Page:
I walk into this Parliament each and every working day with a sense of pride and humility—humility because of the enormous privilege each and every one of us holds as representatives of our communities and, amongst other things, immense pride to be one of the 33 women elected to this, the Fifty-sixth Parliament. It is the highest number of women elected in the history of the New South Wales Parliament. Although I am sure it will be disputed, it is a fact that election to this place as a woman is harder than it is for a man. It is a simple fact that there are more barriers for women seeking election, and even more so for women who are further marginalised by race, sexual orientation or disability.

It is also a simple fact that once they get here, even in this place, women face sexism and discrimination. Whether it is the member for Castle Hill saying we would never get anything done here if women were given additional bathroom space in the Parliament, or the appalling questions asked of our new Premier by her party room on the day she was elected to lead New South Wales. It cannot be denied that women in this place are subject to the same rank sexism and discrimination that women across this State experience each and every day. Women in New South Wales experience discrimination in the shameful persistence of the gender pay gap. They feel discrimination in the Government's failure to invest properly in childcare services or to deliver adequate maternity leave.

Women feel it in the inexcusable way that we fail to protect those exercising their right to a termination. Women feel it in the closure of women's refuges, in the gendered violence we see in our homes, in the failure to protect young women from sexual harassment and rape on our university campuses.

"Let us Talk About It", a recent National Union of Students report, indicates that up to 72 per cent of female students experienced sexual harassment, assault, unwelcome sexual behaviour, stalking or rape at university. Astoundingly, 94 per cent of those women did not report the incident. That young people feel safe at university or TAFE should be a given. Still, we have seen high-profile incidents at residential colleges, including the near-death of a female student at St John's College after drinking a toxic cocktail of shampoo, dog food, tabasco sauce and rancid milk. And there is also the unseen: the stories of abuse and harassment we have not learned about. Women have been subjected to the most horrific, degrading and dangerous behaviour possible, and have been let down by university administrations, by residential college boards and by governments that refuse to act.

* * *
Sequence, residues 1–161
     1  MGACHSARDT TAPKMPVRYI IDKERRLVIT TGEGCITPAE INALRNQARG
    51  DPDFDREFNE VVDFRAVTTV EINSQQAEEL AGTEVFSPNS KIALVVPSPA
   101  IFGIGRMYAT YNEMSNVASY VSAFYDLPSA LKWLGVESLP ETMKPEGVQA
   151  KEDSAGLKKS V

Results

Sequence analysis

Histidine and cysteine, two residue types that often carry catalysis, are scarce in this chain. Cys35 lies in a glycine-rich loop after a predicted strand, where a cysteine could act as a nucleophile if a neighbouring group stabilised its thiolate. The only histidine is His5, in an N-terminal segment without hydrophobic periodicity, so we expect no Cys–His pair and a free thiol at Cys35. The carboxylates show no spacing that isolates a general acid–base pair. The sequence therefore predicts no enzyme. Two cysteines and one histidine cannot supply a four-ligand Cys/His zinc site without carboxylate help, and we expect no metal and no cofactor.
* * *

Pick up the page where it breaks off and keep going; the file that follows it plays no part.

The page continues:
Women on campuses across New South Wales have had enough, and NSW Labor stands with them. This week, I joined the shadow Minister for the Prevention of Domestic Violence and Sexual Assault and the Shadow Minister for Women in launching a new campaign to end sexual assault on campus. Students are calling for mandatory consent training for staff and residents of residential colleges. They are calling for a move towards a standard sexual assault reporting model that recognises the rule of law. They are also calling for specialised services for victims of sexual assault on campus. These are all seemingly obvious provisions that you would think were already in place—but they are not. I say to those women and to the countless young people who have been victims of sexual assault and rape on our campuses, NSW Labor stands with you. You are not alone. We see the pain you have experienced. We see your courage and your determination. We will do our very best to match that courage and determination.

We in this place would also do well to show courage and determination when it comes to protecting a woman's right to choose. Like many women across New South Wales, I was dismayed to hear the new Minister for Women express that she is pro-life in her very first statement in that role. A number of women in my electorate contacted me to let me know of their concern. In almost all cases, they did not object to the Minister's personal right to an alternative view—and nor do I. What they did object to, however, was a Minister opposed to a woman's right to choose being appointed the Minister for Women. While the Minister has indicated she will not move backwards on this issue, it is not enough. The fact is we have to move forward.

Women seeking a termination in New South Wales are forced to run a gauntlet. Protesters are allowed to gather around the entrance to clinics, often waving placards with images of aborted foetuses in their faces. These women, in a moment of intense vulnerability, are not protected by our laws. The truth is they are looking to women in this place to protect them and to act in their interests. We owe them nothing less.